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Coyotes have lived in North America for over one million years since the Pleistocene. By contrast, the earliest estimates of human populations in North America only reach back 130,000 years (although most scientists believe it occurred much later). This means that North America’s “Song Dogs” have lived here roughly 6.5 times longer than humans. These canines are clever, adaptable, and an important species that help to maintain environmental balance. Additionally, they learn quickly and are good parents who are devoted to their young. Yet, coyotes are the most persecuted native carnivores in North America.
Although coyotes’ original range was only in the western portion of North America, their adaptability has since allowed them to spread across most of the continent. In their original habitat, they formed an important part of the natural ecosystem. Since coyotes are omnivores who mainly eat small animals, fruits, and vegetables, they play a crucial role in keeping populations of mid-sized carnivores at healthy levels. By managing populations of skunks, foxes, and raccoons, coyotes helped prevent these animals from feasting on the eggs of ground-nesting birds. Studies have shown negative results when coyote populations decline. These studies show a particular impact on certain bird populations.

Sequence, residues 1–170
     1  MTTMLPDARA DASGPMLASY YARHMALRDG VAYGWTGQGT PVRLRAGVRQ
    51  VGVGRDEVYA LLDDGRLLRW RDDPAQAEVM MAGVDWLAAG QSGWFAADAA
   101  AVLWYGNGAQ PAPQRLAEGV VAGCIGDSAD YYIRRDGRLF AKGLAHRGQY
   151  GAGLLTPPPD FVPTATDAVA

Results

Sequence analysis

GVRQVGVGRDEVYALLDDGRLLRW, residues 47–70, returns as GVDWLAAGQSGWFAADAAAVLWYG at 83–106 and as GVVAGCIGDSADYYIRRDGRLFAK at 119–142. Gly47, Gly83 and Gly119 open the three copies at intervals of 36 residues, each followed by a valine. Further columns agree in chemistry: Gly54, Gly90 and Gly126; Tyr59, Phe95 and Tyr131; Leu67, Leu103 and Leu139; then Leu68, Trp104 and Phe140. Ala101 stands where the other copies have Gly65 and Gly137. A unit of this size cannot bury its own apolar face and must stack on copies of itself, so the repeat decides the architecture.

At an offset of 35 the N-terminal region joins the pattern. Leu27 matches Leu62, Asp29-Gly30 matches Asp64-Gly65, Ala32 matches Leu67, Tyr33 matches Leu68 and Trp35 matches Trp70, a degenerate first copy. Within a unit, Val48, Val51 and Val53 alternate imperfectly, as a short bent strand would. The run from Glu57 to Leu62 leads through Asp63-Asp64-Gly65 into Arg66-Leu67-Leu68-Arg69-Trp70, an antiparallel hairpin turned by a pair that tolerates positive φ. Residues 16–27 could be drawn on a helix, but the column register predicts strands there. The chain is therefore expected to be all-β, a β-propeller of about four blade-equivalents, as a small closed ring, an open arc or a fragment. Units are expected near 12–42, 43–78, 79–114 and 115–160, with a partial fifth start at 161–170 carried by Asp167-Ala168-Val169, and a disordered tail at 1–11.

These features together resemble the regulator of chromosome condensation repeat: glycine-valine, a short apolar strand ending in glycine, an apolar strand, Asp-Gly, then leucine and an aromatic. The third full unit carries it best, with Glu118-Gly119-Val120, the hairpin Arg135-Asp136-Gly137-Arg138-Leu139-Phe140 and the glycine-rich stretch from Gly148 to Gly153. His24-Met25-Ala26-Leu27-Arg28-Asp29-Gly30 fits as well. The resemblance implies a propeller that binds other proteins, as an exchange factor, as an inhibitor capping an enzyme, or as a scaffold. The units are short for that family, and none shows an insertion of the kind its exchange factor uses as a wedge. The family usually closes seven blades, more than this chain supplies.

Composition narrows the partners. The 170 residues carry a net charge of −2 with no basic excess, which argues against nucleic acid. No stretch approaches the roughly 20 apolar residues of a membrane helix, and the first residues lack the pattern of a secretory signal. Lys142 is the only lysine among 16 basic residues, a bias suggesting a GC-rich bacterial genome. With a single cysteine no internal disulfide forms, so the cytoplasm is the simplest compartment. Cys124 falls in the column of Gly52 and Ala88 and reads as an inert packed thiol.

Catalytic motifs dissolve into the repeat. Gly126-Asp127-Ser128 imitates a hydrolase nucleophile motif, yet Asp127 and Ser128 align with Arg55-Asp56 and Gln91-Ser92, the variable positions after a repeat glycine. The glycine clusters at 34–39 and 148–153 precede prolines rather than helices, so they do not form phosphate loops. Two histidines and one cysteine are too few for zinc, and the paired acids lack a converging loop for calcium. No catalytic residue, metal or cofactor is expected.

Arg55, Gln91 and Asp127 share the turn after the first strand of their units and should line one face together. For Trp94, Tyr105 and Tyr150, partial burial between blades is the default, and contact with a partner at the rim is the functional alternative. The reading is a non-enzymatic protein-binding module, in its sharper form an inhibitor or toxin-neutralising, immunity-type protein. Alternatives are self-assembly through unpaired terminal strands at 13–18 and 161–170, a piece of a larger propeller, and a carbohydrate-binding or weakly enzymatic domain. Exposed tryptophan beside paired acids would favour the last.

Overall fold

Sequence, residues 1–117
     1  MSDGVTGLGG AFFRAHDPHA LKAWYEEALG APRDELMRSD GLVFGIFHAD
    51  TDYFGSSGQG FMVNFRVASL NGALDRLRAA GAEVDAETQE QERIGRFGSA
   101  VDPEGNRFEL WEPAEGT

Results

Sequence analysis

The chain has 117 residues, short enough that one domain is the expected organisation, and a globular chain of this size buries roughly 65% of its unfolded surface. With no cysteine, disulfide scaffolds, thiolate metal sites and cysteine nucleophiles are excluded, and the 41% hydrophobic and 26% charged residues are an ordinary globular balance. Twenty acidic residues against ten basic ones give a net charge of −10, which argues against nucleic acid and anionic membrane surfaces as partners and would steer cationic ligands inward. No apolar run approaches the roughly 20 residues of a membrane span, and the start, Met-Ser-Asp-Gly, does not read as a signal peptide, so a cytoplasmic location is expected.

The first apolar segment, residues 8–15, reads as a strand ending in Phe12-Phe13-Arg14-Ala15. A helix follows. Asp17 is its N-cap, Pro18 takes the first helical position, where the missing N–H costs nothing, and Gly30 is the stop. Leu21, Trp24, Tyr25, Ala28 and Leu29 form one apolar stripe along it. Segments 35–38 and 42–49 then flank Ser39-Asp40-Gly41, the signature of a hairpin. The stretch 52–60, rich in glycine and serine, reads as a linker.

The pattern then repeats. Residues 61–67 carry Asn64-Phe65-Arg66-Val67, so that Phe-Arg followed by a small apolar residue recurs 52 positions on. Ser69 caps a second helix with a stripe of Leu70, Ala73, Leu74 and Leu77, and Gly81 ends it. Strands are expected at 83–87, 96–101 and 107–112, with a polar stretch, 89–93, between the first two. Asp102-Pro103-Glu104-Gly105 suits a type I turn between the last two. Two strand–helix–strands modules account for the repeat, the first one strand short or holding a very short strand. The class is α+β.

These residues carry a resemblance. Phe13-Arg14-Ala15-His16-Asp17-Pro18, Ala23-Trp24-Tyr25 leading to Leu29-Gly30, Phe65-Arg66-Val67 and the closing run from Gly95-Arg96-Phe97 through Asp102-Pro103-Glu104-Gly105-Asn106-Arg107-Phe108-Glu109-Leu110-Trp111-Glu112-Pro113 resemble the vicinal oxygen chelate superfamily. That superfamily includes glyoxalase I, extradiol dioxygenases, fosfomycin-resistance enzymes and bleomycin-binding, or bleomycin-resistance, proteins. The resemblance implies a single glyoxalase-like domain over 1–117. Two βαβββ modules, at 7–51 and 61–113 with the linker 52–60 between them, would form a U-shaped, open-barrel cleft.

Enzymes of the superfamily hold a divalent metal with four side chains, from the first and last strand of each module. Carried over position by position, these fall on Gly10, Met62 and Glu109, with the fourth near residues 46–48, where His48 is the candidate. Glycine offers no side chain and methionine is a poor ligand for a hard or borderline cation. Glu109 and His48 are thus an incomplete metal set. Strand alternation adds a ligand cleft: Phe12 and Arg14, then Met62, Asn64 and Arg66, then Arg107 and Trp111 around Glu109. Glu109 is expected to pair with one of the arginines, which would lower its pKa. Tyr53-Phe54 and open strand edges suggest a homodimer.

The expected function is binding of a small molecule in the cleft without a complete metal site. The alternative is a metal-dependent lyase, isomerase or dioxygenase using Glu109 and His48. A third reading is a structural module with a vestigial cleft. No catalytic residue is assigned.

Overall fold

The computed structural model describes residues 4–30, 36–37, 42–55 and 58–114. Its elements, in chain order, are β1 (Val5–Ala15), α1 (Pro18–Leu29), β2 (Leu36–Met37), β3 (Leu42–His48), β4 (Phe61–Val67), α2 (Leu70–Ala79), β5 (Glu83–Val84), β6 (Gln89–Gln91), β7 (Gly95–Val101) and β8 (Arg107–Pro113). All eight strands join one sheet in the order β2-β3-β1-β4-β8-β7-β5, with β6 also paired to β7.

Despite their ecological importance, and their prominent role in many Native American legends, where they are regarded with reverence, ranchers and government bodies have long sought to destroy these canines. In the early to mid-1900s, coyotes were deemed “arch predators” and efforts to control their populations began. The decimation of American wolf populations began this process. After wolves were all but eradicated, people began to view coyotes as a threat to their livestock. A 1931 bill gave the government-run Eradication Methods Laboratory 10 million dollars to spend on streamlining eradication efforts. This is over 201,000,000 dollars today. This led to the wide-scale slaughter of coyotes in the American West. In the nine years between 1947 and 1956, an estimated 6.5 million coyotes were killed.
Mass slaughter of coyotes continues today. According to wildlife organization ProjectCoyote, today roughly 500,000 coyotes are killed each year in the U.S. alone. Agencies and individuals use a variety of brutal and horrifying methods to slaughter coyotes. Poison, trapping, shooting from above, coyote killing contests, and bounties are all methods used. Statistics from ProjectCoyote say that of the coyotes killed, 41 percent are aerial gunned, 30 percent are trapped, 10 percent are poisoned, 18 percent are shot, and 4 percent are killed using other methods.
Sadly, before campaigns of wide-scale coyote killing began there had been little research into the clever canines. Although they were termed “arch predators”, and much of the prejudice towards coyotes came from their supposed killing of livestock, there is little evidence to suggest that killing coyotes protects livestock animals. Indeed, a 2016 analysis comparing lethal and nonlethal methods of coyote control found that the non-lethal methods were more effective at preventing coyotes from killing livestock. ProjectCoyote also states that according to data from the United States Department of Agriculture, less than 0.30 percent of sheep and cow losses reported in 2015 were lost to carnivore predation.